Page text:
Effort with inflation could bring recession in 2023 and 2024

According to the report, global GDP will rise with the continuation of the recovery from the health and economic crisis caused by COVID-19, but if inflation continues, it will be difficult for policy makers to prevent the economy from falling into recession again.

CEBR Deputy Leader Douglas McWilliams used the phrase, “The valuable bet for the 2020s is how the world’s economies will deal with inflation.”

McWilliams stated that they hoped that a “modest” adjustment in monetary policies would control non-discontinuous elements, and argued that the world economy would have to prepare for a recession in 2023 or 2024 unless inflation was brought under control.

“Turkey will grow by an average of 3.4 percent in the next 4 years”

The CEBR report predicts that, unlike more than one country in the world, the Turkish economy grew by 1.8 percent in 2020 and will grow faster by 9 percent in 2021. Predicting that Turkey’s economic growth will be 3.4 percent on average from 2022 to 2026 and 3.7 percent in the 2027-2036 period, CEBR assumed that Turkey will rank 19th in the world’s largest economies in 2036. According to the report, which stated that the public finances in Turkey are in a healthy condition, the share of the country’s public debt in GDP, which was 39.8 percent in 2020, fell to 37.8 percent in 2021.


Euler Hermes, one of the world’s largest credit insurance companies, emphasizes that supply chain disruptions will continue in 2022 in its report, which closely examines the developments in global trade in the coming period. Euler Hermes predicts that the global trade volume, which increased by 8.3 percent in 2021, will gradually return to its pre-crisis long-term average and increase by 5.4 percent and 4 percent in 2022 and 2023, respectively. In the Global Trade Report, in which many factors affecting trade such as logistics bottlenecks, dependence on Chinese imports, the status of ports, and the effects of COVID-19 are closely examined, the effects of global supply chain disruptions, COVID-19 and the volatility of the Chinese New Year in the demand and logistics wing. It is expected to remain high until the second half of 2022.

Power, electronics and machinery exports will continue to be strong

While the sectors that will continue their exports in 2022 are listed as power, electronics, machinery and equipment, it is said that the winner of exports in 2023 will be the automotive sector.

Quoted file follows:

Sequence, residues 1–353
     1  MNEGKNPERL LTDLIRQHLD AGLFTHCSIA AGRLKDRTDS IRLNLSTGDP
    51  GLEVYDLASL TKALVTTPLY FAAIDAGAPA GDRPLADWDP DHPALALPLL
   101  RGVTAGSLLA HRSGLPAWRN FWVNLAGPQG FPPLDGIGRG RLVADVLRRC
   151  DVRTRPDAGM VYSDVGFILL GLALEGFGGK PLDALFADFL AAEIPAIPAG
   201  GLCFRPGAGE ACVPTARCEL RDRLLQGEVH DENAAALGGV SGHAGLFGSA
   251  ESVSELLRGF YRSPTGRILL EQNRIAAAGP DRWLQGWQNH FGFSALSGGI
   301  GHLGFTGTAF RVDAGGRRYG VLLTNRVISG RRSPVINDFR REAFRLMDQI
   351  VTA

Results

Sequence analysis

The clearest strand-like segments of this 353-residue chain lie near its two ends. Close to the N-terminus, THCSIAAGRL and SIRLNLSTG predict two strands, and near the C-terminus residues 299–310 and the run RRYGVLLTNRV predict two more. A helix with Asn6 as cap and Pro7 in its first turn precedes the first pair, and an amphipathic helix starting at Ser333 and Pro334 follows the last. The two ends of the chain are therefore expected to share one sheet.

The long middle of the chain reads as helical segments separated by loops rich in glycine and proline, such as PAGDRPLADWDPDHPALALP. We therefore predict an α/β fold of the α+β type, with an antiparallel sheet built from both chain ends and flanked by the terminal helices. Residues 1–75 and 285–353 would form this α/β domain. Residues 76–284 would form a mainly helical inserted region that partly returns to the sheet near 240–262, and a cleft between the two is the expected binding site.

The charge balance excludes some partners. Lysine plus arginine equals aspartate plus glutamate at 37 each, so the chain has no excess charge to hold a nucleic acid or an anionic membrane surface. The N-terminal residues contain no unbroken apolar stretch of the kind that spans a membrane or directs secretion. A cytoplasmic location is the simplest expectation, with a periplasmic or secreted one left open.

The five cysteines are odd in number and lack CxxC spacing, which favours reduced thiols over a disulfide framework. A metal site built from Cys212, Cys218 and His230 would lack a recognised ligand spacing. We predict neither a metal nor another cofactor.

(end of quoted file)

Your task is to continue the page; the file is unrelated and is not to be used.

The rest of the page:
In the report, it is emphasized that global goods trade, which has been performing strongly since the second half of 2020, contracted in the third quarter of this year, 75 percent of this contraction was due to production deficits and the rest was due to logistics bottlenecks.

3 factors that will normalize trade

It is expected that supply chain disruptions caused by the global supply-demand and shipping capacity mismatches triggered by the COVID-19 epidemic peak, and then decline in the next period. The three factors that will be effective in the return of trade to normal starting from the second half of 2022 are listed as follows:

SLOWING CONSUMPTION: Slowing down consumer spending on strong goods as replacement times are long and sustainable consumption behaviors are beginning to be adopted.

INCREASE IN STOCKS: The increase in capital expenditures, especially in the USA, and the ease of input difficulties due to the fact that inventories have returned to pre-crisis levels or even exceeded those levels in many sectors.

INCREASE IN CAPACITIES: Reduced transport congestion with increased capacity.

The winner of the export will be Asia-Pacific

In terms of exports, Asia-Pacific will continue to be the main winner for the next few years, with benefits to exceed $3 trillion in 2021-2023, following a loss of $420 billion in 2020. More than half of these gains will be achieved in 2021. This will be followed by gains of $630 billion in 2022 and $710 billion in 2023. The overall performance of European exporters in the 2021-2023 period will be similar to that in Asia-Pacific. North America’s export benefits are expected to approach $800 billion in the 2021-2023 period. The segments that performed well in 2021, such as the power, electronics and machinery and equipment segments, will continue to maintain their exports in 2022 in a strong form. The number one winner of exports in 2023 will be automotive, thanks to the workload and low capital costs in 2021.